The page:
In October of 2020, we began filming on location at Pyramid Hill Sculpture Park to capture the final scene of Ginsberg entering the Buddha field. To capture this strange world, we collaborated with Icelandic artist Steinunn Thorarinsdottir who created a series of sculptures entitled Borders. The life-size sculptures of humans scattered through the beautiful fall landscape presented the perfect atmosphere to express the space between life and death. Thorarinsdottir describes her installation as “a dialogue between the viewer and the work created by a tactile and personal interaction as the figures occupy the same space as we do.” As Ginsberg progresses through this beautiful space, he is welcomed by his friends as enters the Buddha fields. The celebration of life and end of suffering is symbolized by Chinese sky lanterns released into the air.
The majority of the film was shot in Gates Abbeglen Theater during the summer of 2021 with additional filming locations in collaboration with the American Sign Museum, Sugar n’ Spice Café, and the Cincinnati Mural Project.
Working from the newly constructed script, our Camera Director and Production Manager, Tiffany Lusht worked to conceptualize the scenes in Vectorworks, and we finalized the design for the theatrical element of the show. For this work, we collaborated with lighting designer Thomas Hase of Cincinnati Opera, who was made available after many of his projects were postponed due to the pandemic. As this work is episodic, we worked to create a different set configuration for each scene employing digital projections and green screen design. By January the conceptual design was complete, and the artistic team began producing set pieces and props using existing materials from opera storage.
Rehearsing in the Great Outdoors
Rehearsing during a global pandemic was challenging. We began rehearsing musically outside during the height of the pandemic. Rarely was there a week that was not obstructed by quarantines in the dormitory or inclement weather. As we approached January, it became clear that we would not be able to film due to a nationwide spike of the virus. This left us with little hope of completing the project during the Spring semester as the theater was being used as a large classroom space. Our hope was rekindled after the cast was able to receive an early vaccination and unanimously agreed to film during the summer. By mid-March, we were back in rehearsal with a clear path to completing the project.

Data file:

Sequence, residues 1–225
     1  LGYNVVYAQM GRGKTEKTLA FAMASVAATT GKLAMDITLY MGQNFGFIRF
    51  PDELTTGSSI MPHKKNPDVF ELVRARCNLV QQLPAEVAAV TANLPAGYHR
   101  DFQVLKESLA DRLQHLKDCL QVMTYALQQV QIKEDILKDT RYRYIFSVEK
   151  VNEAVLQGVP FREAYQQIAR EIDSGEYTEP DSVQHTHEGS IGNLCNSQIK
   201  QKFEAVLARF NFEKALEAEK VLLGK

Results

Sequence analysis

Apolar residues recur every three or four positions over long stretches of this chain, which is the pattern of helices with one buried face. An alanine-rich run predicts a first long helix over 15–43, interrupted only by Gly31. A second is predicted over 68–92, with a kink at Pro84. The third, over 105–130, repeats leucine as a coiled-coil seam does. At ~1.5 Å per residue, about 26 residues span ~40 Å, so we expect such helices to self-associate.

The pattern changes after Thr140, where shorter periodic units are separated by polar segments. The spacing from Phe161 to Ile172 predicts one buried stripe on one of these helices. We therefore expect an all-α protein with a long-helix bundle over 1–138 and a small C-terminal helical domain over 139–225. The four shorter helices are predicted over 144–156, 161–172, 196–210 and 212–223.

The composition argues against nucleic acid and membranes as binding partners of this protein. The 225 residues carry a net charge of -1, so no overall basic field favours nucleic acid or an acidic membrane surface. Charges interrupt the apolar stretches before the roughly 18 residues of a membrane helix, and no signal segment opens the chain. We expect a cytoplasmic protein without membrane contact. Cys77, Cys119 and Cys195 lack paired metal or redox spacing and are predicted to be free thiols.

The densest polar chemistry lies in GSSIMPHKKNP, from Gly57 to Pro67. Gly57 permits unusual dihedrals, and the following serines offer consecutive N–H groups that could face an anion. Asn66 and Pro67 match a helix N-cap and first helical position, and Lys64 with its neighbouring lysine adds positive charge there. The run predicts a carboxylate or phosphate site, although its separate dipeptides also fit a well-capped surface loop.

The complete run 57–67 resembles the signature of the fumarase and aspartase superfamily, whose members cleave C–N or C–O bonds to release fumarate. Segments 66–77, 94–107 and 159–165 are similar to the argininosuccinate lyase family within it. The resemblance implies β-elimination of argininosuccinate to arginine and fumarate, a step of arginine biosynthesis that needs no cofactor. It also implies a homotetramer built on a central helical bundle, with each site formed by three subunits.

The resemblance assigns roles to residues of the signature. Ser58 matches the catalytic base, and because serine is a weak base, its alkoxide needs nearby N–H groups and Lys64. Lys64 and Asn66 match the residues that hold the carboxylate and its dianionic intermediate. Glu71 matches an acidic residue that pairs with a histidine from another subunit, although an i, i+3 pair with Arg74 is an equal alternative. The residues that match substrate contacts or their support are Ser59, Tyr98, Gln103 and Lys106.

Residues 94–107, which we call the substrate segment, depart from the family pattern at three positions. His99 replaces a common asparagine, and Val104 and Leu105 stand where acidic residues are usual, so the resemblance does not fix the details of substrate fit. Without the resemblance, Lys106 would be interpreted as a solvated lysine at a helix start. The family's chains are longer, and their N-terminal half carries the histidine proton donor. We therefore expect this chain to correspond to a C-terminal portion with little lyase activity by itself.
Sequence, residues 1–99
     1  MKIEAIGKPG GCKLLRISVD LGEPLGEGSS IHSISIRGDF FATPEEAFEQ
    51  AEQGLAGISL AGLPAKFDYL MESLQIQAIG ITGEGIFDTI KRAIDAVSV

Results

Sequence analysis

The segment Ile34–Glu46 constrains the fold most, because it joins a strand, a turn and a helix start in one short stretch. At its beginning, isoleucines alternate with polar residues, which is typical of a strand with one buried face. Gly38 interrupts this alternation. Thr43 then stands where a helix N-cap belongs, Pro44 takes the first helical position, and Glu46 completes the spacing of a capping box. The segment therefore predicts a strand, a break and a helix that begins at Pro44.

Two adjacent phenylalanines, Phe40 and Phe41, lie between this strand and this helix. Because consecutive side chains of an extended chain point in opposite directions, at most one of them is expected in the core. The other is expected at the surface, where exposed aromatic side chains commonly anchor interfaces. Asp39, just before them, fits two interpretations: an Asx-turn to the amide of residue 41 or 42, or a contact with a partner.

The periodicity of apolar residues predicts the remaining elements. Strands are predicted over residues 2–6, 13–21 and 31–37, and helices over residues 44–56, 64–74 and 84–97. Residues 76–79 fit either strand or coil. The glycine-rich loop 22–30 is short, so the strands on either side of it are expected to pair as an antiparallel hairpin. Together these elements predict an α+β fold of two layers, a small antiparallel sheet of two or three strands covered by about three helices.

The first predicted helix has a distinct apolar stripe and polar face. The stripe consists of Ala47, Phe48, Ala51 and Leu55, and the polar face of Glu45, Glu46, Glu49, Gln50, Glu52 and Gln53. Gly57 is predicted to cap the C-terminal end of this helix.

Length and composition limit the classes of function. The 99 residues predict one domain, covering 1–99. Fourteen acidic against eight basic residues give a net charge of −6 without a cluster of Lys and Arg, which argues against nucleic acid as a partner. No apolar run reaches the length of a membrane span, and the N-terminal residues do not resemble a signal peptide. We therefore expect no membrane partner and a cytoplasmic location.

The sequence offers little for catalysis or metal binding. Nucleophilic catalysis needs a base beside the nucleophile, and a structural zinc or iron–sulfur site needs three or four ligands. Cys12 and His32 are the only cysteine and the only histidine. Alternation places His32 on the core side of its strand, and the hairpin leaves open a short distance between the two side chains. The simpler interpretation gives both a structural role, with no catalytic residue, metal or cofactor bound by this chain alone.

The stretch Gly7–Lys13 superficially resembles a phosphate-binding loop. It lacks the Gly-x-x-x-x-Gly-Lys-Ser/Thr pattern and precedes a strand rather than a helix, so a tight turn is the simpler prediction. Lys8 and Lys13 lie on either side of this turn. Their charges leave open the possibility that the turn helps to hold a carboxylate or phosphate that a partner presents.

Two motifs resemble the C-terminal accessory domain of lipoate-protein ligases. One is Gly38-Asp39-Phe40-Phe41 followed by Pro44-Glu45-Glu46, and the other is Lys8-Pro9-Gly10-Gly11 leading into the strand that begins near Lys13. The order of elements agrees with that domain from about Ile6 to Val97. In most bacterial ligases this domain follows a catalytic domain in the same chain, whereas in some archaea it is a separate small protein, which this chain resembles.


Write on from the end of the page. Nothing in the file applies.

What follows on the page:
Production in Design
Nicholas Muni's grand set design for upcoming Spring production of The Light in the Piazza by Adam Guetell. The design features a rotating platform and projections to create the visual landscape of Florence, Italy.
Read more about the plot of our upcoming productions. This season we take you on a dreamlike journey of the poet Allen Ginberg with Glass' Hydrogen Jukebox and then travel to the beautiful city of Florence, where the birth of the Renaissance took place, in the poignant love story The Light in the Piazza.
109 Presser Hall
501 South Patterson Avenue
Oxford, OH 45056
Benjamin Smolder, Director
Tiffany Lusht, Production Manager
William E. Schmidt Foundation
The Jim and Recie Scott Opera Education Endowment Fund
Miami University Opera Theater is an important part of the rich and diverse musical experiences that Miami University has to offer. MU Opera is unique in its design because it operates with a professional production team committed to supporting student performers. Our goal is to give students a robust, hands-on experience that will teach them the importance of all roles in the theater as well as how to operate in a professional theater environment. Students have the opportunity to assume leadership positions in every part of production, and learn from professional lighting designers, choreographers, directors, stage managers, sound designers, and more. Miami Opera believes that the art form gains from diversity, inclusion, and equity and we are committed to those values.